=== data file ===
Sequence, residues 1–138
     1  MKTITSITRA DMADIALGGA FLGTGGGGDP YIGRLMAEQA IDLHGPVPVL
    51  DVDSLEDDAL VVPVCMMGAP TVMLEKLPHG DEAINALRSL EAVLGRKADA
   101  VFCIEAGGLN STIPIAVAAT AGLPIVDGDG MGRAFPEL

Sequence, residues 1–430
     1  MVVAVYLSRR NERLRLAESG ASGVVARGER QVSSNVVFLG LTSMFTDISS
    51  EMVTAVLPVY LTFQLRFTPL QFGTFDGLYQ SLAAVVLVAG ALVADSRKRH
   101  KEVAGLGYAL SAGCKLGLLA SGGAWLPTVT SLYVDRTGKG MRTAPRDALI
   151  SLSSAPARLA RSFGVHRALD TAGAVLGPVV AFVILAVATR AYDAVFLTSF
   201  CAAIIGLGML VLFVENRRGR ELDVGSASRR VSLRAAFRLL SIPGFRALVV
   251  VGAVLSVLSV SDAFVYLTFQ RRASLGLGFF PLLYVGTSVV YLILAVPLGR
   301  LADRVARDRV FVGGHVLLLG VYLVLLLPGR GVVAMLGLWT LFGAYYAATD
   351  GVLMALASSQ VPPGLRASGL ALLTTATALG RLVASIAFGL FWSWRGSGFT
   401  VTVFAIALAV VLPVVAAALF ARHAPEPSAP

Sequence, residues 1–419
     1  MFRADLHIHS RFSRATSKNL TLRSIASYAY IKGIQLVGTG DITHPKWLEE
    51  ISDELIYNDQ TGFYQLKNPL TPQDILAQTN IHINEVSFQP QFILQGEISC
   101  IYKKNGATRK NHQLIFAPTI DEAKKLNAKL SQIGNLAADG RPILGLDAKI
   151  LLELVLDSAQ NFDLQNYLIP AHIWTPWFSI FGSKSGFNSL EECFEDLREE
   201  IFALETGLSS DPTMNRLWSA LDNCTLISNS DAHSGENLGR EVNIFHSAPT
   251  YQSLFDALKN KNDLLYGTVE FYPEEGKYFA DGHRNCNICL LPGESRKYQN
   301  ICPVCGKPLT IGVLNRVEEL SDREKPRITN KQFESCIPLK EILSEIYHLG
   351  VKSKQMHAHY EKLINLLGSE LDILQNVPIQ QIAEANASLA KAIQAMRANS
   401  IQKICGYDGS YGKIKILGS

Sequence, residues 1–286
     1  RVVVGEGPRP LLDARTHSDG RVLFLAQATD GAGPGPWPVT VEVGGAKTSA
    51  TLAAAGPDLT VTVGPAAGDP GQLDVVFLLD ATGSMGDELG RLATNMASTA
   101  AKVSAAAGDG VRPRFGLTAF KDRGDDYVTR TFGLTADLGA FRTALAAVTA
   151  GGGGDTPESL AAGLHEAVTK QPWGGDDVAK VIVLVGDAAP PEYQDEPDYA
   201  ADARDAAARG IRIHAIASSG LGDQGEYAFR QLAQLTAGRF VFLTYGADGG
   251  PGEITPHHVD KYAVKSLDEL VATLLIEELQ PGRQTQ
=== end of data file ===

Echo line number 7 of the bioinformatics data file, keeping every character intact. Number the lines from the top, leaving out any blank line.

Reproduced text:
    51  EMVTAVLPVY LTFQLRFTPL QFGTFDGLYQ SLAAVVLVAG ALVADSRKRH